What Kind of Mom Should I Be?

Being an attentive mom has involved sacrifices. Instead of playing on the computer, I need to fix my kids breakfast and spend time with them at the table. Instead of traveling this way and that to promote my book, I need to be present at the kids’ parent-teacher conferences, fun fairs, and homeroom parties.

To some moms, being attentive isn’t a sacrifice at all. It’s what they do naturally and consistently. For me, it can sometimes be a struggle. I love and appreciate my children. I want to be with them at the breakfast table, take them to school, pick them up and pray with them at bedtime. My favorite moments in life are spent with my children.

But there is also this restless energy inside me that asks me to do more. More writing. More speaking. More book promotion. More social media networking. More of making a mark outside of my home.

So I struggle with fulfilling the responsibilities of an attentive mom with the pent-up energy of creative pursuits. How do I finish writing my novel without sacrificing an important moment with my kids? How do I travel to speaking and writing events without neglecting one of their school activities?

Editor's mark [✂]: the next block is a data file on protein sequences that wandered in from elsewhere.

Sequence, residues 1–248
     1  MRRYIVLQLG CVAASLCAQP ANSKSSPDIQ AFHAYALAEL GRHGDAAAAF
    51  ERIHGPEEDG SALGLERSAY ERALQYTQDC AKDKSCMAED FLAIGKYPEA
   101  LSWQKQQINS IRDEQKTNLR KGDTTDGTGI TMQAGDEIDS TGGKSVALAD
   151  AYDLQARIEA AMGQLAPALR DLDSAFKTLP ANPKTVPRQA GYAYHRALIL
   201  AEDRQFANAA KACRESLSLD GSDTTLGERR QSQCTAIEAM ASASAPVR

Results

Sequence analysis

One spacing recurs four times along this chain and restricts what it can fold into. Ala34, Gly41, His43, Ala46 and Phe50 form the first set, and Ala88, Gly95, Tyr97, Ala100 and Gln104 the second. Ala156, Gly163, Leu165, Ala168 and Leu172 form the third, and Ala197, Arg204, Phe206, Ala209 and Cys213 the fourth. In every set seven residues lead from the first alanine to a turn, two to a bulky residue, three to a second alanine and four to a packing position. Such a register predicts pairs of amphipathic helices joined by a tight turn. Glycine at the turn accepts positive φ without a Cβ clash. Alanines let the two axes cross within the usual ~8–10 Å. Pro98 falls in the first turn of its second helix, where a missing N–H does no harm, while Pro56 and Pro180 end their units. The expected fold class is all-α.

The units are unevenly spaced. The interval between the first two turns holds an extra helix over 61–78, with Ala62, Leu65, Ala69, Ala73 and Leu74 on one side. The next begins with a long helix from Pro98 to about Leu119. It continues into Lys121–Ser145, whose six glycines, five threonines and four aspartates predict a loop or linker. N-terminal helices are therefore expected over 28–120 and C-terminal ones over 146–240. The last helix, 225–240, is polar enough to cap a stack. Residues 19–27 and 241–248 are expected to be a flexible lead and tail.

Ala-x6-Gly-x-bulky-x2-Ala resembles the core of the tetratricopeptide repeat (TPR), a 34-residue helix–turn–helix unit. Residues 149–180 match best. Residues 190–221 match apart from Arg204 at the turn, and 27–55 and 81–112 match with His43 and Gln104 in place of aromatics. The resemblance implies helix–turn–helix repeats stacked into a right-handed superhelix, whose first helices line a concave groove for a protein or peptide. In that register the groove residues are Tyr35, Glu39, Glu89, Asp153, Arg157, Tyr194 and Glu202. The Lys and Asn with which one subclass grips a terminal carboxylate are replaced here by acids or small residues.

Right now, I am in limbo with how to move forward. Should I jump in full-force as a mom and put creative interests on hold? Should I carve out time to do both, forgiving myself for not giving one-hundred percent to either one?

I love my children, and I love being creative outside of the mother realm. What kind of mom should I be?

What kind of mom would you be?

Advertisements

27 thoughts on “What Kind of Mom Should I Be?

  1. Well, in answer to your second question first – it would be pretty tough for me to be any kind of mom at all. The answer to your first question however, is simple.

    The Lipreading kind.

    (Keep up the great work.)